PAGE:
Say a word and let it sit on the page, alone.
What does it mean? School taught me its definition. School taught me how to use it in a sentence. School taught me what it means. School taught me how to read it.
Beyond the necessary and important things that school taught me about this word, poetry taught me how to experience it.
I can experience the word with my senses and my imagination. I can look at all of the word's possibilities--close my eyes and see everything around it, smell the breeze that sways it in a field, hear the bird perching above it in a tree, and feel it spreading out with spring.
I can do that without an actual daffodil being anywhere near me. (Which is good because they actually make me sneeze a lot). EVERYONE can do these things. However, not everyone regularly does, especially within the walls of schools where we have to meet our standards and know the right answers to progress.
Within schools, there is so much to learn. There's so much to measure. There's so much to cover. It's no wonder more and more of our students develop anxiety at younger and younger ages. They can feel it too. Amidst all this, it seems impossible to prioritize something as unmeasurable as poetry.
But, here’s my argument.
My time spent imagining daffodil was never something that could get me a good grade. It was however, something that taught me how to engage in and think deeply about the world around me. It also taught me to value my imagination and my opinion. When someone asks me what I think today, I want to tell them, just ask my colleagues. I sincerely think that has to do, at least somewhat, with poetry.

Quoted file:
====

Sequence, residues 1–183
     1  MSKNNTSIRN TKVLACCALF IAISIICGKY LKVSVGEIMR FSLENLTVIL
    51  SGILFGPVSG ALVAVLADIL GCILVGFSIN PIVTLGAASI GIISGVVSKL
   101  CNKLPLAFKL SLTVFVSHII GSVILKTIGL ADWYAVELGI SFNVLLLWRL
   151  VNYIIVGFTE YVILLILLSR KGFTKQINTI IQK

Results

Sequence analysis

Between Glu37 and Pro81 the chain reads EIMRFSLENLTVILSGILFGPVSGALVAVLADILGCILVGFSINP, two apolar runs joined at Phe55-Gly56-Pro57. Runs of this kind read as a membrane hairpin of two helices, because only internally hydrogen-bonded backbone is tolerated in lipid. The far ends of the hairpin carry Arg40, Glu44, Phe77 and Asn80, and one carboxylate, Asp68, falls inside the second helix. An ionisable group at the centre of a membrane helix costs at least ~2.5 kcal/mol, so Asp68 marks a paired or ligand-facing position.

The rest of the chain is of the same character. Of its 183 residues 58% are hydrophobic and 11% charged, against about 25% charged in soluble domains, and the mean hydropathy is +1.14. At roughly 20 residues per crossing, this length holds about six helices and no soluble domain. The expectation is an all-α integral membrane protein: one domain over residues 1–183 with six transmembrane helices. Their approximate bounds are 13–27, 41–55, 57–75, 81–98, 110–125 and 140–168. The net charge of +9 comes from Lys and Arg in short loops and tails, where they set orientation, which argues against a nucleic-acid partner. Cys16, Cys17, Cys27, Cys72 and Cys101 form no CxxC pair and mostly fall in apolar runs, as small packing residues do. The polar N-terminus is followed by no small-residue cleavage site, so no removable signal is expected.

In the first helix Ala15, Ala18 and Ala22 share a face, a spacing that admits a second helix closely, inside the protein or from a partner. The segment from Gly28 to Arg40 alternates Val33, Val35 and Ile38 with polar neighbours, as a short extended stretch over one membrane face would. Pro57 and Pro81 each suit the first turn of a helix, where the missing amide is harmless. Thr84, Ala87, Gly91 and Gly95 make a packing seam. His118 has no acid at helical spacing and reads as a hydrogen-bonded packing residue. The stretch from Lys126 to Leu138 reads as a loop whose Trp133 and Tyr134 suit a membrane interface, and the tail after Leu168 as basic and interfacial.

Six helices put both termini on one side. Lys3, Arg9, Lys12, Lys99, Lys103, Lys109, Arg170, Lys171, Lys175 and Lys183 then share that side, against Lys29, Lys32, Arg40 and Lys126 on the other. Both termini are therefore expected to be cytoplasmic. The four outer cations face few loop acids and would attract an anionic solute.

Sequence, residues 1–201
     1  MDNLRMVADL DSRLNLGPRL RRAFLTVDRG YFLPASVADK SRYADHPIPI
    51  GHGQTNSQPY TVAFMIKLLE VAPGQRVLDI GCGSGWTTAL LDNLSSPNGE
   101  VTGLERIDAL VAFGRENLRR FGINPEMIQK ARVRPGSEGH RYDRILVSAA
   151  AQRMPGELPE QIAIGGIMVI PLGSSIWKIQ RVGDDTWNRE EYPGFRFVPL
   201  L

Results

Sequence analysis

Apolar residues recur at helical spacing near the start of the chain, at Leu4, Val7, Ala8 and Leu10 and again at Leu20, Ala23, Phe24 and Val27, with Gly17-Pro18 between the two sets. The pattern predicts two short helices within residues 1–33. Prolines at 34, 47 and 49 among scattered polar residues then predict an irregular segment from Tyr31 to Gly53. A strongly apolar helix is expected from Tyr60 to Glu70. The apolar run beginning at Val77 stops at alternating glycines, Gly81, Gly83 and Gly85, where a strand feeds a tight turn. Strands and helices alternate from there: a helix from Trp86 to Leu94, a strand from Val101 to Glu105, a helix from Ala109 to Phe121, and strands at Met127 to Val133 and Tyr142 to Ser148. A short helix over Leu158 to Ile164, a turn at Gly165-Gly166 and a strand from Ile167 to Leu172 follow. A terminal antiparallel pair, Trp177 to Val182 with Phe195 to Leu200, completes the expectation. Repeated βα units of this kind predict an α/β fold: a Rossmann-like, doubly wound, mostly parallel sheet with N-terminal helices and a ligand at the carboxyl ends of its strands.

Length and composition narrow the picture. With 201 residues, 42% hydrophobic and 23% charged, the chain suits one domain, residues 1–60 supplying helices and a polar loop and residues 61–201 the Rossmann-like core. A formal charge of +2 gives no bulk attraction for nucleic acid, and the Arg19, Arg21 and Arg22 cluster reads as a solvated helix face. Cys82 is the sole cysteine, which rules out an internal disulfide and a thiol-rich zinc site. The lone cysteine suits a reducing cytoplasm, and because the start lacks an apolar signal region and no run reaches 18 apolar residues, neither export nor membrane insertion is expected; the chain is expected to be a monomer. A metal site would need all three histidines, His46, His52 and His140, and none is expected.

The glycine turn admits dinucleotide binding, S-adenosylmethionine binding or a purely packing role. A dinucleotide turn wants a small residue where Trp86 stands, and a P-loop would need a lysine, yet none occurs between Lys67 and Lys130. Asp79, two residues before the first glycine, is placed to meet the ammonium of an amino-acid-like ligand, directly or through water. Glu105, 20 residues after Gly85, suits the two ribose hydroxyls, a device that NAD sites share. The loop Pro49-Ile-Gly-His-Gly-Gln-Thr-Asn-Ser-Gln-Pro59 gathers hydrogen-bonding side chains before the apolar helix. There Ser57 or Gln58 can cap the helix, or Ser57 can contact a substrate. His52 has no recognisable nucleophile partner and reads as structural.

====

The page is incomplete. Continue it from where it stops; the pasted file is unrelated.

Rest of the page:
When you regularly engage with poetry, you have to go through the process of reading a poem, forming an opinion, sharing it, and saying why. Or, you have to write a poem that reflects your experience in the world, share it, and say why. That practice of why is inherent in reading and writing. It is also a necessary ingredient in the creation of outspoken, opinionated and self-reliant people.
On my best days, I am that. And, I like to think that is due in large part to a regular engagement with poetry. Many of my school teachers brought poetry into the classroom. Thank you, teachers. While I can't remember all of them, I do remember Ms. Despres of Westborough, MA. She brought William Wordsworth's, "I Wandered Lonely as a Cloud," into my fifth grade social studies class. We were supposed to memorize and recite the poem. I never could memorize the whole thing, but I remember trying, reading, and imagining.
April is National Poetry Month. I encourage all of you to read a poem with someone--your students, your friend, the void, your significant other. Experience it, and value your experience of it. Let it teach, or reteach, you how to form an opinion and share it with the world.
To celebrate Poetry Month, COMPAS is reaching into our archives and sharing poems written by students and older adults during COMPAS programs. We're posting a new one on the COMPAS Facebook page each day. Enjoy!
By COMPAS staff member, Julie Strand